Kommentar

Flere har observert at entusiasmen rundt EU er dalende og at medlemslandene tenker mer på seg selv enn unionen. Også amerikanerne legger merke til at de ikke har en partner som ekspanderer og blir mer beslutningsdyktig. Europa vender seg igjen mot nasjonen som den sentrale enhet.

Charlie Cupchan er et navn å regne med. Han mener EUs betydning er synkende og at trenden vil fortsette. USA har allerede registrert omslaget.

The European Union is dying — not a dramatic or sudden death, but one so slow and steady that we may look across the Atlantic one day soon and realize that the project of European integration that we’ve taken for granted over the past half-century is no more.

Europe’s decline is partly economic. The financial crisis has taken a painful toll on many E.U. members, and high national debts and the uncertain health of the continent’s banks may mean more trouble ahead. But these woes pale in comparison with a more serious malady: From London to Berlin to Warsaw, Europe is experiencing a renationalization of political life, with countries clawing back the sovereignty they once willingly sacrificed in pursuit of a collective ideal.

For many Europeans, that greater good no longer seems to matter. They wonder what the union is delivering for them, and they ask whether it is worth the trouble. If these trends continue, they could compromise one of the most significant and unlikely accomplishments of the 20th century: an integrated Europe, at peace with itself, seeking to project power as a cohesive whole. The result would be individual nations consigned to geopolitical irrelevance — and a United States bereft of a partner willing or able to shoulder global burdens.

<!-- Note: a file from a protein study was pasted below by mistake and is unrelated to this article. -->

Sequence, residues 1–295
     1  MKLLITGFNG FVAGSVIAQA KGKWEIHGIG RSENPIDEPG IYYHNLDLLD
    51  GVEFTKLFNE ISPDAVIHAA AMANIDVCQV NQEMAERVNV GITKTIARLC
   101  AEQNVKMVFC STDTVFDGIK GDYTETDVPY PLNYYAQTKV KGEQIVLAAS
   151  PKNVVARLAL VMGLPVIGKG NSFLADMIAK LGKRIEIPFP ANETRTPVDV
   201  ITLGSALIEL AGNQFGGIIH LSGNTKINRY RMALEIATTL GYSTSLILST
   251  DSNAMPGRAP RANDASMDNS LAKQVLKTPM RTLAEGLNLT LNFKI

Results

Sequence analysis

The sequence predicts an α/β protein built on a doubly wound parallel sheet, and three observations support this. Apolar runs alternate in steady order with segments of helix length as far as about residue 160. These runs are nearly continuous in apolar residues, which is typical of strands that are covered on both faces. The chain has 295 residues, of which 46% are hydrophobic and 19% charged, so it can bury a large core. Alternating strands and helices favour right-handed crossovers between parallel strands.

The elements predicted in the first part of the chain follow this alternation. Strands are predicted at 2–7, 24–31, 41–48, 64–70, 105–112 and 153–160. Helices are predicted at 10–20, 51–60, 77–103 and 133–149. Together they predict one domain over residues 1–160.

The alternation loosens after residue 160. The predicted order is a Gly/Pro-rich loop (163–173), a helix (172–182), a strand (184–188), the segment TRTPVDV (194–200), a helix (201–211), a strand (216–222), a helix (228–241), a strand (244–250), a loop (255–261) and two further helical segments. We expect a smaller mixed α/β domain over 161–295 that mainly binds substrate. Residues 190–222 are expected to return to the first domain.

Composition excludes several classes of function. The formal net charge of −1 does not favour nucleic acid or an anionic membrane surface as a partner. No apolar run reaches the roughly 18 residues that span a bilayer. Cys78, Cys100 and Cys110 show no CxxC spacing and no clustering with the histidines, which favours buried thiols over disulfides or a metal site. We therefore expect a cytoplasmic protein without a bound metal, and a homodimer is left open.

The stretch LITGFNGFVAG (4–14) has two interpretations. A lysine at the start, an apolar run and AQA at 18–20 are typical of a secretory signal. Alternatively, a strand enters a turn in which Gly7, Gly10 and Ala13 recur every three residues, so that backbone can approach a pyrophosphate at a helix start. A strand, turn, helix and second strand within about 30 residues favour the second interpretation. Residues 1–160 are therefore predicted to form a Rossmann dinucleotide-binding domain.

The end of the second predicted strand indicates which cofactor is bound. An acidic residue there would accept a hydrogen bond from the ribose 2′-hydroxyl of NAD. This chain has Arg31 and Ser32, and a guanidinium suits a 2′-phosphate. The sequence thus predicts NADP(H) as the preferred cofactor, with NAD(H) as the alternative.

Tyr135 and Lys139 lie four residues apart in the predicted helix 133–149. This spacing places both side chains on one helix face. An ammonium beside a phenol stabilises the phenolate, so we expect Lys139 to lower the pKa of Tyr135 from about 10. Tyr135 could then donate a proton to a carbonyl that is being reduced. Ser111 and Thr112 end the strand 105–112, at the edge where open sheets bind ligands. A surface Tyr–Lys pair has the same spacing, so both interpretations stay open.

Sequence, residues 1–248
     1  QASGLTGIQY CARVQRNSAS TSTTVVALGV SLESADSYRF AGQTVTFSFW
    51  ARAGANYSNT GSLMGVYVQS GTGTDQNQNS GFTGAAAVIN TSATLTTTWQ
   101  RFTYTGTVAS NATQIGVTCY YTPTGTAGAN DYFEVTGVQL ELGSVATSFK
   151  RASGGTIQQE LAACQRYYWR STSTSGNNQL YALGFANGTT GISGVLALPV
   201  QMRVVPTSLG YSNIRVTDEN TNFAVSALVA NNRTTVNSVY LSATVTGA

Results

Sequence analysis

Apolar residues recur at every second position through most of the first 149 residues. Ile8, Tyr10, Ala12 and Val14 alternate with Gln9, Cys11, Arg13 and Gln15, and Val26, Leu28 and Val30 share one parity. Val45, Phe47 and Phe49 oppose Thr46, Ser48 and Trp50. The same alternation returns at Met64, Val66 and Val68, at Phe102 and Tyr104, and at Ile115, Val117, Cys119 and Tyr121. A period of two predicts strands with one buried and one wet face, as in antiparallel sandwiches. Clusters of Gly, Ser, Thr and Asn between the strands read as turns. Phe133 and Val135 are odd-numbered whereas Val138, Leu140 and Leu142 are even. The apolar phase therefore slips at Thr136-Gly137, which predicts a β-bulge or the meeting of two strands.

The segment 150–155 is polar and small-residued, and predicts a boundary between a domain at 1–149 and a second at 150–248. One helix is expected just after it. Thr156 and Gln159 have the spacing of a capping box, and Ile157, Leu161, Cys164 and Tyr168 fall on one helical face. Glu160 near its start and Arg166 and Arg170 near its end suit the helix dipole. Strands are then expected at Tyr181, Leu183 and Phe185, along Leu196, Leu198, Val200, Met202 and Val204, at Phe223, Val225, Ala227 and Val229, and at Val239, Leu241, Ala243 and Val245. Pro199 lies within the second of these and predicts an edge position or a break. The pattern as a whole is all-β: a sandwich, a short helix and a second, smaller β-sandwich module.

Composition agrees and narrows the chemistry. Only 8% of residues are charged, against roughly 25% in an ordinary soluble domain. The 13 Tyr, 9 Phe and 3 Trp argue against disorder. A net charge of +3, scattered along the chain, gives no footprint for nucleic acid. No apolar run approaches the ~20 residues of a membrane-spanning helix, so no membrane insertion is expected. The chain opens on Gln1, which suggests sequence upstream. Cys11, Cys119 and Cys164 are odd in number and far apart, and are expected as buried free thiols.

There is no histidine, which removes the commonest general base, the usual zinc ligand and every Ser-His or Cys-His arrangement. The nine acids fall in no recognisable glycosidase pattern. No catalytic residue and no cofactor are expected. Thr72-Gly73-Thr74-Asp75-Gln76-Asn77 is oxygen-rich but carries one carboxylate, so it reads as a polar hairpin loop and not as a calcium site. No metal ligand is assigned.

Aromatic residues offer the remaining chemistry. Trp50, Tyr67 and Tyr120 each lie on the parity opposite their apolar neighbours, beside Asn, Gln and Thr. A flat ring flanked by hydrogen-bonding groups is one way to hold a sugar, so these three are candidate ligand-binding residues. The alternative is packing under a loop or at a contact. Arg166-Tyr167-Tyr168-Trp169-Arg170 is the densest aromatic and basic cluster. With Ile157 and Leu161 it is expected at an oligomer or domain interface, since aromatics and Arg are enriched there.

USA ser allerede på hvilke land de kan vente militær støtte fra. Europeiske land befinner seg langt ned på listen. De vil ikke slåss, de har snart ikke evnen. Hvilke konsekvenser vil det få for den transatlantiske forbindelsen?

Buying time may be the best the E.U. can do for now, but its slide is poised to continue, with costs even for those outside Europe. The Obama administration has already expressed frustration with an E.U. whose geopolitical profile is waning. As Defense Secretary Robert Gates complained in February to a gathering of NATO officials, «The demilitarization of Europe — where large swaths of the general public and political class are averse to military force and the risks that go with it — has gone from a blessing in the 20th century to an impediment to achieving real security and lasting peace in the 21st.» As the United States tries to dig itself out of debt and give its armed forces a breather, it will increasingly judge its allies by what they bring to the table. In Europe’s case, the offering is small and shrinking.

Europe is hardly headed back to war; its nations have lost their taste for armed rivalries. Instead, less dramatically but no less definitively, European politics will become less European and more national, until the E.U. becomes a union in name only. This may seem no great loss to some, but in a world that sorely needs the E.U.’s aggregate will, wealth and muscle, a fragmented and introverted Europe would constitute a historical setback.

Six decades ago, Jean Monnet, Robert Schuman and Konrad Adenauer were Europe’s founding fathers. Today, the E.U. needs a new generation of leaders who can breathe life into a project that is perilously close to expiring. For now, they are nowhere to be found.

ckupchan@cfr.org

Charles Kupchan is a professor of international affairs at Georgetown University and a senior fellow at the Council on Foreign Relations. He is the author of «How Enemies Become Friends: The Sources of Stable Peace.»

As nationalism rises, will the European Union fall?